There’s a pizza meme going around of the brutal scene in Casino where Joe Pesci is forced to watch his brother get whacked. However, instead of his brother, it’s pineapple going on pizza. The point of the meme is to show how traumatic it is to any true Italian Pizza aficionado to see pineapple “ruin” a pizza. It made me laugh when I saw it, but the next thing I thought was: I’ve made a lot of money on pineapple in the last decade.
Now if you’re reading this magazine, you are in this industry and know that pineapple on pizza is something that a broad base of customers want and enjoy. It’s not even that crazy of a topping when you think about it. It’s a yellow fruit, same as a yellow bell pepper. Whether you agree with the worthiness of pineapple to be a real topping, it doesn’t matter. Owning a pizzeria is about making a profit through great and multi-faceted options that progress your brand. If you push that your brand has ZERO PINEAPPLE TOLERNACE, there is marketability to that purist approach. That means if you’re not going to carry anything Avant Garde, you should say that. Otherwise it’s just a wasted opportunity.
Restaurants that can avoid all eclectic toppings are restaurants built on being classic pizzerias in every sense of the word. And while there’s a nostalgia about that style of restaurant, it is by definition stagnant. Unless you’re rolling deep in cash, that style of restaurant is not your most profitable pursuit. Advancing the game with new and exciting styles of pizza that give your customers something new to enjoy for the more adventurous palate (along with the classics) is a prudent financial choice. Pineapple is not a new industry trend that will break down culinary barriers.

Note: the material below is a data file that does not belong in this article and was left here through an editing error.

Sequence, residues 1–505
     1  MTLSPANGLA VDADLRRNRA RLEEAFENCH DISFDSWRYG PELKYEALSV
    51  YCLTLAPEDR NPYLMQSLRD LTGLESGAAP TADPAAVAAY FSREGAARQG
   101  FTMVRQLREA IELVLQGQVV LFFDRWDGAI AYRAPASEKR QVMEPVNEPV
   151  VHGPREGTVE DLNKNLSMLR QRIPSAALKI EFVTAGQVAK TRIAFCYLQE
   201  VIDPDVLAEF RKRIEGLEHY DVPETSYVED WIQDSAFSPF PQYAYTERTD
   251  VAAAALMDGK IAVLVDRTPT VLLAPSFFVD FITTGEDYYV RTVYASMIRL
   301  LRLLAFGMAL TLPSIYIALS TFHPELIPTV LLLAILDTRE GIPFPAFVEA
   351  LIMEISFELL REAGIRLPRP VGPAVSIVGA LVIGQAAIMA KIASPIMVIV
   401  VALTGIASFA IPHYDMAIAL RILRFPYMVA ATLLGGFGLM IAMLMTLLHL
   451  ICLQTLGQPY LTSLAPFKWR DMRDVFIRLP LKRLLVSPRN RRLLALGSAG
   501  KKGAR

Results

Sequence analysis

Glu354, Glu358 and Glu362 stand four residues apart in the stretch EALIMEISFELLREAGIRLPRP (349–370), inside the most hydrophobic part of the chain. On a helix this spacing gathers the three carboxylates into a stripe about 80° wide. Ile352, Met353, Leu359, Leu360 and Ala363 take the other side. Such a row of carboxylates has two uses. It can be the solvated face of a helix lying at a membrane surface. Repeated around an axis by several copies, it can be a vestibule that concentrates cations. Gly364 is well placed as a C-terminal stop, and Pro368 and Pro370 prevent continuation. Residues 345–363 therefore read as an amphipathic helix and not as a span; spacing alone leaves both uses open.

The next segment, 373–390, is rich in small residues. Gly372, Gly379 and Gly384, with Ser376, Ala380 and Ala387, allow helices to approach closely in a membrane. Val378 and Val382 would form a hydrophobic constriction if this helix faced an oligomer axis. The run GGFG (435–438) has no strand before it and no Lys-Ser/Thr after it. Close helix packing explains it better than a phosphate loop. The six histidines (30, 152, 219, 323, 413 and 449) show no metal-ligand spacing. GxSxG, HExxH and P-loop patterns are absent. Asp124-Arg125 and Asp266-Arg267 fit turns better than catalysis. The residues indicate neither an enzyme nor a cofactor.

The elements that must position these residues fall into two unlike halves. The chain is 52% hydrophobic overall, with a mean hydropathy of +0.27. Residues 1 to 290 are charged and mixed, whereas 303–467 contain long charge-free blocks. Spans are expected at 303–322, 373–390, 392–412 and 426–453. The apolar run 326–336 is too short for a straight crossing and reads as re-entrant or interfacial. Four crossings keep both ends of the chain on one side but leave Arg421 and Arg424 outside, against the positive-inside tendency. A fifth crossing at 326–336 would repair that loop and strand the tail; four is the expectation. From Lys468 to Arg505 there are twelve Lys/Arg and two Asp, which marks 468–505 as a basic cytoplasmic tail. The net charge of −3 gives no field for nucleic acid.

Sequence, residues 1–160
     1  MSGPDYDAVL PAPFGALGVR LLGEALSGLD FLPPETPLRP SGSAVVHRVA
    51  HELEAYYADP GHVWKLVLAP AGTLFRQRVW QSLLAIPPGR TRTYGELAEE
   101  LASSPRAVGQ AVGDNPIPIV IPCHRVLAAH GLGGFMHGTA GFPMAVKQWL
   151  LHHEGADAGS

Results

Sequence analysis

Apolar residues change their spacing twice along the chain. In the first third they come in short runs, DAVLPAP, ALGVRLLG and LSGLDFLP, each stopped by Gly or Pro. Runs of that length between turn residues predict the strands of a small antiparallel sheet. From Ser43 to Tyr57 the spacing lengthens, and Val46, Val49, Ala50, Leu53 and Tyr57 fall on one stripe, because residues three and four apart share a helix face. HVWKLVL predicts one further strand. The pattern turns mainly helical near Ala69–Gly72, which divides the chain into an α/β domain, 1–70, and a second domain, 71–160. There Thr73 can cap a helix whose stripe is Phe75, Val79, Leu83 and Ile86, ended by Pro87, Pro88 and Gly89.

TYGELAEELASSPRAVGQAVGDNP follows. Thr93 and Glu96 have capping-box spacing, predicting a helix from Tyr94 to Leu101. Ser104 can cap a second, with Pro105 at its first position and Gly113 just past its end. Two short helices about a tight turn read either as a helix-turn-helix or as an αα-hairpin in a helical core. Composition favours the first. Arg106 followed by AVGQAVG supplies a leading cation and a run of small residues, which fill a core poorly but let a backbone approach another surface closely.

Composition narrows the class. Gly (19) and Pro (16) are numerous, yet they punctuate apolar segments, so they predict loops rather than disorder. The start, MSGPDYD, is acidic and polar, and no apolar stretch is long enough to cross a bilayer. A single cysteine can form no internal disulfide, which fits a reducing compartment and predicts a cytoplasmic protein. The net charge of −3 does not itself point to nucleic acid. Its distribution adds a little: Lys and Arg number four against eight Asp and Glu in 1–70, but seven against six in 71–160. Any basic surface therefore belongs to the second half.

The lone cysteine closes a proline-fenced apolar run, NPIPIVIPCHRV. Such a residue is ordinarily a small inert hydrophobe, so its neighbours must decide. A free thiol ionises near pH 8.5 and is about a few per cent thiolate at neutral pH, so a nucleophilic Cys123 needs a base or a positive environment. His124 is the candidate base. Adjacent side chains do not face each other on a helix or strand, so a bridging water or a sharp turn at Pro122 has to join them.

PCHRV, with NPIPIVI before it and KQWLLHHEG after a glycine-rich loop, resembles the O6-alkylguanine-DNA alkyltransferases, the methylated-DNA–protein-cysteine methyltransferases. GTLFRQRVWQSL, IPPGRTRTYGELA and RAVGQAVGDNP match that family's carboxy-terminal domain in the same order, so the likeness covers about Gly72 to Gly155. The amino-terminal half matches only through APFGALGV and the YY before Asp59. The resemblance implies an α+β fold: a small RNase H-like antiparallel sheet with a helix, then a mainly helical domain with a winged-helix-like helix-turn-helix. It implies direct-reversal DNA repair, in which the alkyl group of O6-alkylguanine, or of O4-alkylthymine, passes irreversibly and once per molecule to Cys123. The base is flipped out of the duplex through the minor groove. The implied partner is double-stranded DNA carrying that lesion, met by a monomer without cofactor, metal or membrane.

In the last 20 years, there have been many growth spurts of popular styles or items that have come to fruition. Barbecue pizza in the mid to late 90s progressed to different variations of pasta on pizza in the last 10 years. The new trends are taking things that are just standard in other culinary fare and normalizing them to pizza.
Here are some top choices of up and coming toppings and how to maximize them at your pizzeria.